The Evolving Role Of The Vice President

  • Playlist
  • Download
  • Embed
    Embed <iframe src="http://www.npr.org/player/embed/92705080/92705053" width="100%" height="290" frameborder="0" scrolling="no">
  • Transcript

Scott Simon talks with vice presidential scholar Joel Goldstein about why and how the role of the vice president has changed.

SCOTT SIMON, host:

This is Weekend Edition from NPR News. I'm Scott Simon. Now that the Republican and Democratic Parties have all but nominated their candidates for president, the new parlor game, if people still have parlors, is guessing whom they'll ask to be their vice presidential running mates. What the job means has been evolving over the past couple of generations. People used to complain that vice presidents had nothing to do. Now some people complain that the current vice president has too much authority.

Joel Goldstein joins us from member station KWMU in Saint Louis. He's a law professor at Saint Louis University and a longtime scholar of the vice presidency. Professor Goldstein, thanks for being with us.

Professor JOEL K. GOLDSTEIN (Law, Saint Louis University): Good morning.

SIMON: And I gather that Walter Mondale was what you consider the first modern vice president. What did he do to change the job? Or what did President Carter do to change the job?

Professor GOLDSTEIN: It really was a combination of Carter and Mondale that really was sort of the big bang that created the modern vice presidency. Carter was committed to having an active vice president, changing the vice presidency from a wasted asset to a really functioning part of the government. And he and Mondale spent a lot of time reconstructing the office. Mondale came in with a new vision of the office as a cross-the-board adviser and troubleshooter without any specific portfolio. And then Carter gave him the resources to succeed in that sort of function.

SIMON: What's the effect of Dick Cheney's vice presidency been, do you think?

Professor GOLDSTEIN: Cheney has been the most important, the most influential vice president that we've ever had in the sense of this is the first time when people have ever talked about an imperial vice presidency which other - previously would have been thought of as a classic oxymoron. My guess is that the Cheney vice presidency long term won't have much impact in terms of - I doubt that it will be followed or copied.

SIMON: Professor Goldstein, do you buy the argument that whoever is picked as the vice presidential candidate has much of an effect on the presidential election?

Professor GOLDSTEIN: I think the vice presidential campaign certainly can, particularly if one candidate picks somebody who's presidential, and the other party picks somebody who's not ready for prime time. I think that Edmund Muskie certainly helped Hubert Humphrey in 1968...

SIMON: But Richard Nixon became president, let me point out. He didn't help him that much. I point that to what you point as something that confirms the argument, I think, some people might fairly point to something that undoes the argument.

Professor GOLDSTEIN: Yeah. I think that's a mistake, because I think that the fact that Nixon won shows that the vice presidential comparison may not be decisive. But it doesn't mean that it doesn't have an effect. In 1976, Walter Mondale helped Jimmy Carter carry Ohio, Pennsylvania, Wisconsin. Without carrying at least two of those states, Carter doesn't become president.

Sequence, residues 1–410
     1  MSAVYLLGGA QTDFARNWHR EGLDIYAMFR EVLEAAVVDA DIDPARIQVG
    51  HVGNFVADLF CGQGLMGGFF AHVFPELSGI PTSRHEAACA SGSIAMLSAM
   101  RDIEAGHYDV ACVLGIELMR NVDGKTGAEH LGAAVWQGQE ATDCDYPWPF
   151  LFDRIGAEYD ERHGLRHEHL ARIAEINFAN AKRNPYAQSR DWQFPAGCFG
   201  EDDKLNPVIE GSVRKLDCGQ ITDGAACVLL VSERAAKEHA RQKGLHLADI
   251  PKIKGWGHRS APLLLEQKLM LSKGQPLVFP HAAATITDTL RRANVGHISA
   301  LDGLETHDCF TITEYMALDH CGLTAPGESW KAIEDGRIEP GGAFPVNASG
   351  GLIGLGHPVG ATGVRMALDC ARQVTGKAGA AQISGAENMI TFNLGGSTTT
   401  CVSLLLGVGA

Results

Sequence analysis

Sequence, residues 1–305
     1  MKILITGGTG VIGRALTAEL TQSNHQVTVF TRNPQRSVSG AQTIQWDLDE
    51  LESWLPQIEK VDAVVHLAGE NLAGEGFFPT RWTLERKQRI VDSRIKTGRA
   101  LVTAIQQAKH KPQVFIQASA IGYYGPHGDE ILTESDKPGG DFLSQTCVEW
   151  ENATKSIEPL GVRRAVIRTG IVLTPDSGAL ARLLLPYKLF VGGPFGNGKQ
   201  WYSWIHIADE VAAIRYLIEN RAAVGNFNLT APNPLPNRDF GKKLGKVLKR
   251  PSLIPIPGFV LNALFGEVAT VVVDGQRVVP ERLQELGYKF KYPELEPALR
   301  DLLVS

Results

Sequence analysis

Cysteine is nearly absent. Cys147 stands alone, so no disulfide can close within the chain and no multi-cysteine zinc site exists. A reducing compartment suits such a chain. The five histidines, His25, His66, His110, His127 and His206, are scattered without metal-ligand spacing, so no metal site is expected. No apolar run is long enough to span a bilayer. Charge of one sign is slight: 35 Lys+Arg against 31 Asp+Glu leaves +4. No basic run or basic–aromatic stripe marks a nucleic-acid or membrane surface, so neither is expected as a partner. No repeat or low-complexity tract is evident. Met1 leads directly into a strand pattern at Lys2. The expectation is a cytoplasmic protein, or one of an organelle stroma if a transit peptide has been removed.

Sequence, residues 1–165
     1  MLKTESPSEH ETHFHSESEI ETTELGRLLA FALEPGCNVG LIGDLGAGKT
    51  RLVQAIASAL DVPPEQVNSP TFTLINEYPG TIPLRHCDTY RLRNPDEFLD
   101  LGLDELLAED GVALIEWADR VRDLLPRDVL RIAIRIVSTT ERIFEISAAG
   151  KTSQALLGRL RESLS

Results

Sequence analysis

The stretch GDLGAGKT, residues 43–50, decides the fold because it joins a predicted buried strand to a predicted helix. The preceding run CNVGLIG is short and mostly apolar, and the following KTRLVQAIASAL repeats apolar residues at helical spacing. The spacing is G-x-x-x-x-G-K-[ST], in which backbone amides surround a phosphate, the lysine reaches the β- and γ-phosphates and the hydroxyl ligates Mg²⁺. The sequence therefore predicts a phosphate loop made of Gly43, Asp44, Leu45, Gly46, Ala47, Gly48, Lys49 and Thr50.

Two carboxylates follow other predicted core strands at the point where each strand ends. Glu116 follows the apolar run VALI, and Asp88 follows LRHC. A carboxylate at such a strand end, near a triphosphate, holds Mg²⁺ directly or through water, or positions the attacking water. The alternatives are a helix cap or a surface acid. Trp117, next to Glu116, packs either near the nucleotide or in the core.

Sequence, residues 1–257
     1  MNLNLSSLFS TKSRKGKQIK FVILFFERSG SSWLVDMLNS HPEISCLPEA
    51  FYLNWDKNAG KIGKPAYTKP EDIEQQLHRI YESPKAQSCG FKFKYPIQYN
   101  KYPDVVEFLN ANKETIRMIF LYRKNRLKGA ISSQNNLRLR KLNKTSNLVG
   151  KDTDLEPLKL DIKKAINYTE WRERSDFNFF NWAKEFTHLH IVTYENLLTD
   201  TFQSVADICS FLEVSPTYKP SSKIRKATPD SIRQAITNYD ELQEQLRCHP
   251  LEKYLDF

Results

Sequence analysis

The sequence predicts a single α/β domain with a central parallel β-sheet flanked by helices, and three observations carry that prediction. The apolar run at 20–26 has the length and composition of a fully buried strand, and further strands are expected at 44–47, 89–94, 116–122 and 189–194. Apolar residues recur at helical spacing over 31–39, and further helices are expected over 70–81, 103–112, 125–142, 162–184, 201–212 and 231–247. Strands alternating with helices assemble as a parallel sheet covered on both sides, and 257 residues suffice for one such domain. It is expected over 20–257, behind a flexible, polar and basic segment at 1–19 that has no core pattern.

The other way in which it makes a difference is that it sends important messages to the public about what the presidential candidate values and how he goes about making decisions. I personally think that the choice of Dick Cheney actually helped George Bush in 2000, because it sent a message that then Governor Bush would surround himself with people with impressive resumes and some idea about how the world and Washington worked.

SIMON: In the end, does the approach of the president to his or her office, his or her managerial style, his or her agenda, determine what a vice president does? I mean, it's their candy store, isn't it?

Professor GOLDSTEIN: It absolutely is. And if the president doesn't want the vice president to be powerful or influential, the vice president won't be powerful or influential. With the Mondale resources, all vice presidents now, I think, have a seat at the table. They've got a West Wing office. They've got a weekly private meeting with the president. Those are permanent features of our government and are no more likely to be moved than the Washington monument. But how much influence the vice president has in the room is a function of how much the president is willing to listen to him or her and how skillful the vice president is in offering advice.

SIMON: Joel Goldstein, professor at Saint Louis University School of Law. Thanks very much for being with us.

Dr. GOLDSTEIN: Thanks for having me.

Copyright © 2008 NPR. All rights reserved. Visit our website terms of use and permissions pages at www.npr.org for further information.

NPR transcripts are created on a rush deadline by a contractor for NPR, and accuracy and availability may vary. This text may not be in its final form and may be updated or revised in the future. Please be aware that the authoritative record of NPR’s programming is the audio.

Comments

 

Please keep your community civil. All comments must follow the NPR.org Community rules and terms of use, and will be moderated prior to posting. NPR reserves the right to use the comments we receive, in whole or in part, and to use the commenter's name and location, in any medium. See also the Terms of Use, Privacy Policy and Community FAQ.